NEW YORK – When reporters covered President Barack Obama’s proposal Monday night to extend overtime pay to millions of additional Americans, some, still on the clock past dinnertime, may have wondered whether they’d make the cut.
Under the proposal, salaried workers earning under $50,440 would automatically qualify for overtime pay after working 40 hours in a week. That’s a significant jump from the current threshold of $23,660, and it would vastly increase the number of salaried workers eligible for overtime, which pays at one-and-a-half times the normal pay rate.
Obama has specifically pointed to retail store managers as the sort of overworked employees who would benefit from the change. But the reform would be broad enough to also affect the many reporters, editors and producers who routinely work long and unpredictable hours for relatively modest pay. While many media companies haven’t had to think at all about paying workers overtime, that could be about to change.
According to the Bureau of Labor Statistics, reporters and correspondents earned a median salary of $36,000 last year, with workers in the bottom quartile earning a median of just $26,910 – far below the threshold proposed by the White House. Themedian salary for an editor – a classification that covers the whole publishing industry – was $54,890, about $4,000 above the planned threshold, with the bottom quartile down at $39,130.
In local television news, specifically, the median salary for a reporter in 2014 was $31,000. An annual survey by the Radio Television Digital News Association, conducted by Hofstra professor Bob Papper, noted several positions whose median salary would fall below the proposed threshold, including assignment editor ($38,000), news producer ($31,000) and news assistant ($30,000).
Journalists typically command higher salaries in power centers like New York and Washington, though both cities are awash with up-and-comers who come in well under the suggested cap.
Like any other business covered by the reform, news outlets with workers newly eligible for overtime will face a choice. They could start paying time-and-a-half to qualifying journalists whose hours run long, or they could make sure to keep those employees’ hours in check and avoid paying the overtime premium. To accomplish the latter, organizations might spread the work around to other, perhaps new, employees, or they could attempt to produce their newspapers or websites with a little less labor.
Many newsrooms may already be paying overtime to salaried workers regardless of their pay, particularly if there’s a union contract stipulating as much. Guild-represented reporters at The New York Times, for instance, receive time-and-a-half after working 40 hours. But while such union agreements are more common in legacy news organizations, they’re virtually unheard of at newer media outlets.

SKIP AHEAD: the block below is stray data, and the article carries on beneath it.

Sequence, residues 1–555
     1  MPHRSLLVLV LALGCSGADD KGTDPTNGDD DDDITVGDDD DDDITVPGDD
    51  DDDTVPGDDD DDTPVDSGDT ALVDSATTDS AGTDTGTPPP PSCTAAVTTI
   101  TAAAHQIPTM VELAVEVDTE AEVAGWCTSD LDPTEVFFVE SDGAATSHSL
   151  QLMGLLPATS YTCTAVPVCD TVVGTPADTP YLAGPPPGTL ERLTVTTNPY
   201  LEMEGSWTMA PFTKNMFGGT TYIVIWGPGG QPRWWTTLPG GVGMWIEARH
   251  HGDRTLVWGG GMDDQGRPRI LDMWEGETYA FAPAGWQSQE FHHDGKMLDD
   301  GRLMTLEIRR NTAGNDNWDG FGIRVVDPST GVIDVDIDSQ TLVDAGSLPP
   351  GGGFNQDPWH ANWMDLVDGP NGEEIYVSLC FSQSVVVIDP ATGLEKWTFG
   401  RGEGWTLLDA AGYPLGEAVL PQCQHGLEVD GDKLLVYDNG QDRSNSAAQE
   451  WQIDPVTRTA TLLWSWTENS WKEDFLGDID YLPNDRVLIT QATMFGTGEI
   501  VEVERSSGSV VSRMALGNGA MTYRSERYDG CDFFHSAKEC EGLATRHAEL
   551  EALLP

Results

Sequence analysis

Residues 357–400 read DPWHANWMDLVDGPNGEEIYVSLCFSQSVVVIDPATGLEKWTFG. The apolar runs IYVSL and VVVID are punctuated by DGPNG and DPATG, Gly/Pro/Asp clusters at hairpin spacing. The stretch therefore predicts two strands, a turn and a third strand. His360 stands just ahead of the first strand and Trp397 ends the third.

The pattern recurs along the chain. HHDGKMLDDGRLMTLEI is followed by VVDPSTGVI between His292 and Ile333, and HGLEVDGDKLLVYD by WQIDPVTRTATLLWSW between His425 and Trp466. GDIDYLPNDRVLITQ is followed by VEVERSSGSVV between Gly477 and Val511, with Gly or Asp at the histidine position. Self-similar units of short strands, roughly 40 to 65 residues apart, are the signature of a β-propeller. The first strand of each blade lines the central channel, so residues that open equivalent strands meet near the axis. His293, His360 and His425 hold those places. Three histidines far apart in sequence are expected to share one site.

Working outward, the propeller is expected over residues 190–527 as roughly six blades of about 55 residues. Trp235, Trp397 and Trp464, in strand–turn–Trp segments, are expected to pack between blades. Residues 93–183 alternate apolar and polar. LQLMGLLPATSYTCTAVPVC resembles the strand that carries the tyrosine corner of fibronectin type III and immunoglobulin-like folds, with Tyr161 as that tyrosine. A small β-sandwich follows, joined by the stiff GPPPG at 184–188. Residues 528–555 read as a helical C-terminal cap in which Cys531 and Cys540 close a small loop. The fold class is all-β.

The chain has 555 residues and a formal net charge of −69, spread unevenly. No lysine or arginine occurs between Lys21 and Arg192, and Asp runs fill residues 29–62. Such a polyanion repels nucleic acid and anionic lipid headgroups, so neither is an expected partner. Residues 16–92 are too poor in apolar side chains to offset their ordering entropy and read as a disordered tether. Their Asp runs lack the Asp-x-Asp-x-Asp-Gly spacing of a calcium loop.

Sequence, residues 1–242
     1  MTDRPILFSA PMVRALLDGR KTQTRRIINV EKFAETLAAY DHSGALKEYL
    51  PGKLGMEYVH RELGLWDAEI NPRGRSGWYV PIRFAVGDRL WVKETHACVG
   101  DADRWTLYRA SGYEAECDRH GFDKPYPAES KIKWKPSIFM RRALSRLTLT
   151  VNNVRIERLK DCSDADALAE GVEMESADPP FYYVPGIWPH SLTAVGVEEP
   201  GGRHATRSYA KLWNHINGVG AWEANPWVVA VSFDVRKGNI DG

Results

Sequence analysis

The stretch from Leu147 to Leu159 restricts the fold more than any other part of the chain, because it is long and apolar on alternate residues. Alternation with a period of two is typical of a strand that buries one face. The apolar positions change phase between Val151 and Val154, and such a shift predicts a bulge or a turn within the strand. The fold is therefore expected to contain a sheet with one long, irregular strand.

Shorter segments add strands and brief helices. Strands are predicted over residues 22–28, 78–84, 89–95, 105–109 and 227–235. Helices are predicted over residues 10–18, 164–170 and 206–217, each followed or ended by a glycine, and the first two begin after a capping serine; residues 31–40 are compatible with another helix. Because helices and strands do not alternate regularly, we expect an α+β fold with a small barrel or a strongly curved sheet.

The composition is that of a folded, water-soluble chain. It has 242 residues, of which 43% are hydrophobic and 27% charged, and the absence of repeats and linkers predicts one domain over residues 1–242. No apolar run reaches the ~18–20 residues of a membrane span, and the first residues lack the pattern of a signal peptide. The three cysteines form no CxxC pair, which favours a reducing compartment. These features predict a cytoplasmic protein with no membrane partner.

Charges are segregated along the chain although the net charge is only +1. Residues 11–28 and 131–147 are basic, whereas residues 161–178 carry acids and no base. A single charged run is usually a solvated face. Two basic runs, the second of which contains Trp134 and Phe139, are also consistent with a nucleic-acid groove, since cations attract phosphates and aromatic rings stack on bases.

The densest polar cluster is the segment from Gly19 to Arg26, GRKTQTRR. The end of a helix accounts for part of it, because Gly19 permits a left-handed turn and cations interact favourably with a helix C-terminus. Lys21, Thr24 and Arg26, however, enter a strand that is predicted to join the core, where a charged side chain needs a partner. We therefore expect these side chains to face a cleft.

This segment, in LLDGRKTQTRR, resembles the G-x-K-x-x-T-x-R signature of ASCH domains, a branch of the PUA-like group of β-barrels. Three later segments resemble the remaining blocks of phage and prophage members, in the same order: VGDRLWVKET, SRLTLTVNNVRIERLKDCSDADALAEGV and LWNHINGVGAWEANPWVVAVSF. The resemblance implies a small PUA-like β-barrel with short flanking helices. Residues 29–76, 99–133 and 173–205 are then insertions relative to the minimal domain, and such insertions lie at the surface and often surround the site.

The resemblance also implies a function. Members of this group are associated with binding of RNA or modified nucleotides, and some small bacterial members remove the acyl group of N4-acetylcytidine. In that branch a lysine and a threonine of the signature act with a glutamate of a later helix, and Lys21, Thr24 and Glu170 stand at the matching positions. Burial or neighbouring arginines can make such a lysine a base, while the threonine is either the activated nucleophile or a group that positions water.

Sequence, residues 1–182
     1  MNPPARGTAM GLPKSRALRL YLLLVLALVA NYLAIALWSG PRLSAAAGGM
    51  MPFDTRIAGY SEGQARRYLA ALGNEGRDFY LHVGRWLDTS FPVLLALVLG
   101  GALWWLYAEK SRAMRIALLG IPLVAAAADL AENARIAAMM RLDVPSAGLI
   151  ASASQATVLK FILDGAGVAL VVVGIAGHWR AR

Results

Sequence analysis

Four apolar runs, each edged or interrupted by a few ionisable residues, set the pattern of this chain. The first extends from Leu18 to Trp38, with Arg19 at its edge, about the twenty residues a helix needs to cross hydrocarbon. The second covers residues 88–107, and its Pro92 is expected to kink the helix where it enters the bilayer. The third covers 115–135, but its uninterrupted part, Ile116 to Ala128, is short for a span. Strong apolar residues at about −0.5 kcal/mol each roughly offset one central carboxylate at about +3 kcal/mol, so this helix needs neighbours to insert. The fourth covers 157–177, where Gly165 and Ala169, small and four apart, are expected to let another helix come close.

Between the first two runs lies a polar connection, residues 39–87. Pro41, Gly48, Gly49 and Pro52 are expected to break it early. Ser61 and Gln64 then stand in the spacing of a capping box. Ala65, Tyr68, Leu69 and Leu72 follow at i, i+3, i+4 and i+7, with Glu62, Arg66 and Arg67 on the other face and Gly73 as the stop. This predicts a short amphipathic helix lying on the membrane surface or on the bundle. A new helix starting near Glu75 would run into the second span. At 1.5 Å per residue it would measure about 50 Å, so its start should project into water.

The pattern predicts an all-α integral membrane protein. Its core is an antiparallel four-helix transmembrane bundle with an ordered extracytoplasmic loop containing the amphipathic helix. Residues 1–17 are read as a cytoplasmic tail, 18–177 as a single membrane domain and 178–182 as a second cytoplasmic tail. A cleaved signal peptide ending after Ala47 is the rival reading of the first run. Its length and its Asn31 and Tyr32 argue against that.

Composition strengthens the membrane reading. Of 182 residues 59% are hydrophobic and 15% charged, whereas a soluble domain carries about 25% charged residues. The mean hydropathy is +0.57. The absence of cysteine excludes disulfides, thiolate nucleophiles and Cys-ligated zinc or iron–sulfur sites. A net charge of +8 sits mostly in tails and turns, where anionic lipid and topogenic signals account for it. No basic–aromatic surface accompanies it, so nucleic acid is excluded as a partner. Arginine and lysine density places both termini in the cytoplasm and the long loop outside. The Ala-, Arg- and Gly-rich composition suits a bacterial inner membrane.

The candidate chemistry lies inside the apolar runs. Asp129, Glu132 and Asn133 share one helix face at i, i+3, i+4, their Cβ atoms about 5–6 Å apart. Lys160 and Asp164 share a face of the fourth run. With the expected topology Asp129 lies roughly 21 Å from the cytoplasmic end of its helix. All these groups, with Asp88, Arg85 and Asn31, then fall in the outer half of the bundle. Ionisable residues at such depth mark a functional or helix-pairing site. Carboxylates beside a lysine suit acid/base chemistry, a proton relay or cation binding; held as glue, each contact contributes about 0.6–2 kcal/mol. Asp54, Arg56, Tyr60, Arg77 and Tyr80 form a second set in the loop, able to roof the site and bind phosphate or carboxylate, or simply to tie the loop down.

The Obama administration plans to institute the proposal through executive power, just as President George W. Bush did, making it unlikely that Republicans will find a way to block the change. Still, the rule must go through a 60-day comment period before it can be finalized, and business groups will continue to lobby against it.
The Huffington Post said on Wednesday that it’s looking into how to come into compliance with the rule. “We’re reviewing the new rule right away so we can begin implementing it long before it takes effect,” a spokeswoman said.
Some digital outlets are taking a wait-and-see approach. “If this happens, we will certainly comply,” a BuzzFeed spokesman said.
A Vox Media spokeswoman declined to comment, while spokespeople from Politico and Vice did not provide comment by press time.
If it’s instituted, the reform could raise questions about what constitutes work in and outside the newsroom. Would a reporter count two hours spent drinking with a source toward their 40 hours? Tweeting news from one’s couch at 10 p.m. may suggest one is on the clock, but what if one is simultaneously tweeting about a basketball game or awards show? The line between reporting and socializing, on social media and otherwise, easily blurs.
Slate’s Jordan Weissmann wrote Tuesday about how the situation gets murky when assessing the hours a journalist has worked or should work on a given assignment, from quick blog posts to more time-intensive articles.
Newsrooms should have at least several months to prepare for the reform, which the White House says it wants to see implemented sometime in 2016.